An Overlook to Memorialize a Renowned Geologist

The Fryxell Overlook is a wonderful viewpoint to see Palouse Falls and the Palouse River. The gazebo is dedicated to R.H. Fryxell and located a short hike south of the parking lot at Palouse Falls State Park. While you are standing there gazing at the majestic falls in the over-sized basalt plunge-pool and noticing the zig-zag pattern of the river, take a moment to read the memorial plaque at the Fryxell Overlook.

Roald Hilding Fryxell (1934 to 1974) was a brilliant young geologist who was very well regarded by his friends and colleagues. Dr. Fryxwll was born in Illinois on February 18th, 1934, and tragically died in a car accident in 1974. Doc Fryxwell, or Fryx as many students and friends referred to him, was Professor of Anthropology at Washington State University in Pullman, WA. Dr. Fryxell’s achievements are numerous and include some of the more noteworthy archeological and geologic sites in Eastern Washington and even include work with lunar samples collected by multiple Apollo missions.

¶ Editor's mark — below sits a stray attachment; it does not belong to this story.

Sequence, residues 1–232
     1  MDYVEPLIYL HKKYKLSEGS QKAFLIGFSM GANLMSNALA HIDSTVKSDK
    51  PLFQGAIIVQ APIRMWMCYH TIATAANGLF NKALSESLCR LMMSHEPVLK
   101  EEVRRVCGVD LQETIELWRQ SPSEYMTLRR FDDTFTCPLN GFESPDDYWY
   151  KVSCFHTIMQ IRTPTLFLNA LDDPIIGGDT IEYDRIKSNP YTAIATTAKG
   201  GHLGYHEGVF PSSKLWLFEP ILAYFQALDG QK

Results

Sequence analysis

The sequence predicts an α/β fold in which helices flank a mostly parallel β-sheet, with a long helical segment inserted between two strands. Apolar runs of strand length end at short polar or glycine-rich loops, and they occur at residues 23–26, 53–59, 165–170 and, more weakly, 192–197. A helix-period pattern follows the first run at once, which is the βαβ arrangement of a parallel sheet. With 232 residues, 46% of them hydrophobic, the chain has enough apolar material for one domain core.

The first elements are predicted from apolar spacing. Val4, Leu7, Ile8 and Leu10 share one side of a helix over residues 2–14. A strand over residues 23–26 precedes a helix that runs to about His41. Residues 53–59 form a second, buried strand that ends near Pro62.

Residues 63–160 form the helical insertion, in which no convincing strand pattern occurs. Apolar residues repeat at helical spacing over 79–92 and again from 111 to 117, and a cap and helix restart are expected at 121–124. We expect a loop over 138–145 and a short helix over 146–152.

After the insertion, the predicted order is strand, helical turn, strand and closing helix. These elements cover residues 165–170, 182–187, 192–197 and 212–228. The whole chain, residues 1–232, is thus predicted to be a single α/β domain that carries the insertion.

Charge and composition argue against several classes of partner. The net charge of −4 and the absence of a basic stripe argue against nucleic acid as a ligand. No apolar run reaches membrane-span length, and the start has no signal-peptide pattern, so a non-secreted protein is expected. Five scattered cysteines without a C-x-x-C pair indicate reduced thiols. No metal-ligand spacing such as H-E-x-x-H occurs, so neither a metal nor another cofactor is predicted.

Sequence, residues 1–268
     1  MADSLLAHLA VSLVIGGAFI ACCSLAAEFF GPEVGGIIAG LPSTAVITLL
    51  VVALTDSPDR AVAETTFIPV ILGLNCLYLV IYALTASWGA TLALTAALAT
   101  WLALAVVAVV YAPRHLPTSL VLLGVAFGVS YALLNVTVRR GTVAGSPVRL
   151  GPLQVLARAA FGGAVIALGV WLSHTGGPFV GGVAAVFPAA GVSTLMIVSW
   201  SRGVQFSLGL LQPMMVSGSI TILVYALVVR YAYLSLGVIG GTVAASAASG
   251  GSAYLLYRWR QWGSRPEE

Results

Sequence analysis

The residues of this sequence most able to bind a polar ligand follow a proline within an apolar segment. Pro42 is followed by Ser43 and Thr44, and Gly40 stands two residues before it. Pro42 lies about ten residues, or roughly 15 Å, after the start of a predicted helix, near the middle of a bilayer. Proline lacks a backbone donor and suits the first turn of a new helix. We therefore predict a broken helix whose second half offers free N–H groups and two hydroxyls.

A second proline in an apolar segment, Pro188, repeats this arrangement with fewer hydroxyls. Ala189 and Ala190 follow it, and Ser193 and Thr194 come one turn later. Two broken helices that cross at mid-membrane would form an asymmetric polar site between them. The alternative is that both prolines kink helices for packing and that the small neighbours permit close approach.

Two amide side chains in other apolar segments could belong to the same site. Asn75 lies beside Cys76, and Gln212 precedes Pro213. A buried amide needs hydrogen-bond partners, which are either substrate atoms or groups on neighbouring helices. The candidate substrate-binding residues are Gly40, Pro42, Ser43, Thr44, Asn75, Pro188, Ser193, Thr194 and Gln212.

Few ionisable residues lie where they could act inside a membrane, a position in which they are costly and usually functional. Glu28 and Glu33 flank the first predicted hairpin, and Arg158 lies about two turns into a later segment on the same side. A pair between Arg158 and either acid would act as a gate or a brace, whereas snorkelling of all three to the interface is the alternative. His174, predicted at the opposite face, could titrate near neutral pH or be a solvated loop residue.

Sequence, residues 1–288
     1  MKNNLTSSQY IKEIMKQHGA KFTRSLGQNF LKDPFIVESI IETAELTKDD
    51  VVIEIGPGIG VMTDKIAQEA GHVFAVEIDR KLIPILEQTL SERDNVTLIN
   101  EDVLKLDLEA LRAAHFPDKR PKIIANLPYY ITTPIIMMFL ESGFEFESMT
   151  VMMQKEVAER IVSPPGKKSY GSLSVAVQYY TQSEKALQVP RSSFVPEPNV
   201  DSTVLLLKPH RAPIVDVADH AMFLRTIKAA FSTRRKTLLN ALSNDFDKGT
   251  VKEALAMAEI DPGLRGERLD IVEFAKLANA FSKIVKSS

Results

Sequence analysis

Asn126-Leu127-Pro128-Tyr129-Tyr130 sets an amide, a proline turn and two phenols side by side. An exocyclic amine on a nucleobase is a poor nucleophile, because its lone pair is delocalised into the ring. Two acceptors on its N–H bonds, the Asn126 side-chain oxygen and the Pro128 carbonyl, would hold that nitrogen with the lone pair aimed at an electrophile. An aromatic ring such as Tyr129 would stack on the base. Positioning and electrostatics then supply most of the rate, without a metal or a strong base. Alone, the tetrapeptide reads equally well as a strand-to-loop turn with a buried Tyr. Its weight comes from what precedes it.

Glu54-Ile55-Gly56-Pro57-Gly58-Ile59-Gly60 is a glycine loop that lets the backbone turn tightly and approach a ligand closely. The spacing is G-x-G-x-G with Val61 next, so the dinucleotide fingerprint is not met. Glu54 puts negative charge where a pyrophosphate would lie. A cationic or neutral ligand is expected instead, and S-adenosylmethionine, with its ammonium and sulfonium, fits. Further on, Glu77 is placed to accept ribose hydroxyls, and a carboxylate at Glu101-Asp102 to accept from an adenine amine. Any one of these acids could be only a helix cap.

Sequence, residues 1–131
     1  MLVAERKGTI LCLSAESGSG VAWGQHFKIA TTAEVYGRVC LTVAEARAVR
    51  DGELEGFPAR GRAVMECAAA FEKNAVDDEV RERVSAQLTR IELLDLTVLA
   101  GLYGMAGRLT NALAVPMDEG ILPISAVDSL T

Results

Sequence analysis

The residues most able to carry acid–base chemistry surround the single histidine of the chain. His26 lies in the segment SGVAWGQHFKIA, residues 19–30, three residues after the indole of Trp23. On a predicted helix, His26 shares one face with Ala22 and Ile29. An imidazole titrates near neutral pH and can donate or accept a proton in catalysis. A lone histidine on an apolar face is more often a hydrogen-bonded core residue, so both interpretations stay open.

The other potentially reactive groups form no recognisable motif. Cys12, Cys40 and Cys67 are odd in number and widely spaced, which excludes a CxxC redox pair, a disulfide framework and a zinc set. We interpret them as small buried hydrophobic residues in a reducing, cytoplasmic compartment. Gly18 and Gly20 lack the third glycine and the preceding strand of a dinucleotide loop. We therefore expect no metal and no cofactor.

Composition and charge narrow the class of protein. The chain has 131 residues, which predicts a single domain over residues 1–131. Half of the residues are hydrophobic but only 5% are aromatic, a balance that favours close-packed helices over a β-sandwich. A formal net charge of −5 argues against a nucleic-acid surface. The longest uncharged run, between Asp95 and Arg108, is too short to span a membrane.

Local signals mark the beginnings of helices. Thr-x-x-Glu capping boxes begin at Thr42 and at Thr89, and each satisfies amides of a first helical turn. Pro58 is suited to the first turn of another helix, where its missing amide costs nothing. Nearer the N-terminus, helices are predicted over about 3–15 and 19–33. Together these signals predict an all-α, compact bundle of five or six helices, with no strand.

The overlook dedication is focused on the stratigraphic and archaeological work that Dr. Fryxell completed at the now-submerged Marmes Rockshelter site (#45FR50). The archeological work was conducted in the 1960s in haste as the Lower Monumental Dam was being built on the Snake River by the U.S. Army Corps of Engineers. The Marmes Rockshelter is located on the western side of the Palouse River, just north of the confluence with the Snake River. The Rockshelter was approximately 12 meters wide and 8 meters deep. Dr. Fryxell was the principal investigator in the 1968 and 1969 excavations. During excavations a number of animal bones, tools made from bones, and human bones were found below a Glacier Peak ash deposit from an eruption some 10,000 years before. In 1968 the “Marmes Man” was presented as the oldest human remains at the time. More recent work found ages of bird bones from the site were older, dating 10,000 to 12, 000 years ago. By February 1969, the rising water from the dammed Snake River flooded the site, though barriers were placed to preserve the site.